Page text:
A word of caution before we take an in-depth look at the minority discount. The discount for both the minority and lack of marketability is applied only when you are using intrinsic factors such as earnings, dividend capacity and assets value to determine the value of the shares--not when using normative values based upon a prior sale of a minority interest.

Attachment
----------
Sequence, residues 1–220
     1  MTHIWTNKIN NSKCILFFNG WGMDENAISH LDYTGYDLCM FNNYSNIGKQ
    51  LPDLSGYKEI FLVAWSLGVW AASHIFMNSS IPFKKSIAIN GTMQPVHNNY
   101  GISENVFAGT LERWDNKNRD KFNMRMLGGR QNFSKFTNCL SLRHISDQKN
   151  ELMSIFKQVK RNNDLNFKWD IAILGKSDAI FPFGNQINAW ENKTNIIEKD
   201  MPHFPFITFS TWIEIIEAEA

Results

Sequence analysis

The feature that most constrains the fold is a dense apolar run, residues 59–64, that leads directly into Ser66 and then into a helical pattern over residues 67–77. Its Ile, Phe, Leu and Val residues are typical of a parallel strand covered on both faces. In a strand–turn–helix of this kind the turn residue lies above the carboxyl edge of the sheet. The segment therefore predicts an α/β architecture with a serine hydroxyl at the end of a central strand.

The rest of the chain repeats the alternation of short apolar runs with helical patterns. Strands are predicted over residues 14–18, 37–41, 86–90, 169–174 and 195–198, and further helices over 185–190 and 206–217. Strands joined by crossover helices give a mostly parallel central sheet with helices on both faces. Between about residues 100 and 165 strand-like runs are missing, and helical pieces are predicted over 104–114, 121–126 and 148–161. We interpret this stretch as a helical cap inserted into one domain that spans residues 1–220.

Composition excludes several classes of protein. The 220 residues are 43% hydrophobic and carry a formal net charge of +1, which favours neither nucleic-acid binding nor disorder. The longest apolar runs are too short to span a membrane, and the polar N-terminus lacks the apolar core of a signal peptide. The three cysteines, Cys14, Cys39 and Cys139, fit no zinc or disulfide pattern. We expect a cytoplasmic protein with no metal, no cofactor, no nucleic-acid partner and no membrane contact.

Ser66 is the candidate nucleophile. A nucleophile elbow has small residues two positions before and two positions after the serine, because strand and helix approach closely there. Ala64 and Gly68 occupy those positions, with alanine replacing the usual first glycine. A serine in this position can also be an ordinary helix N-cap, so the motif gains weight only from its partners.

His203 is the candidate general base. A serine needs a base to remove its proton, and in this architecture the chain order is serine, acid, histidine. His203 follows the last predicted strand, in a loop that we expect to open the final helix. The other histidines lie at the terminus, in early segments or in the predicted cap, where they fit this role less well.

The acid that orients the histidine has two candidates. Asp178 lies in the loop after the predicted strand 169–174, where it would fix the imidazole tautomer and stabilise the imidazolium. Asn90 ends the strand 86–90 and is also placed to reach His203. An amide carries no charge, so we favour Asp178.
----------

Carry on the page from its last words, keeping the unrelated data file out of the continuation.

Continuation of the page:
The issue becomes "how much of a discount?" As previously mentioned, often the courts combine the minority and lack of marketability discount into one, but there are cases that discuss the two separately. Before reviewing several cases and the discount allowed, it is important to understand that the discount was determined by the amount for which experts testified the minority shares could be sold, not arbitrary percentage amounts applied to the minority interest value, and the percentages were calculated after the facts. In Whittemare v. Fitzpatrick (127 F. Supp. 710), the court allowed a 50% discount for lack of marketability, then allowed an additional discount on the lack of marketability value--32%--resulting in a total discount of 66%. In Drigbrough v. U.S. (208 F. Supp. 279), the corporation was a real estate holding company in which the court combining the minority interest discount and the lack of marketability, allowed a 35% discount from the net asset value. In the Estate of Jessie Ring Garrett (12 T.C.M. 1142), a 30% discount was allowed for a minority ownership in a family-owned corporation. In Bartrom v. Graham 157 F. Supp. 757, the court emphasized the minority discount but combined it with the lack of marketability factor and limited the discount to 20%.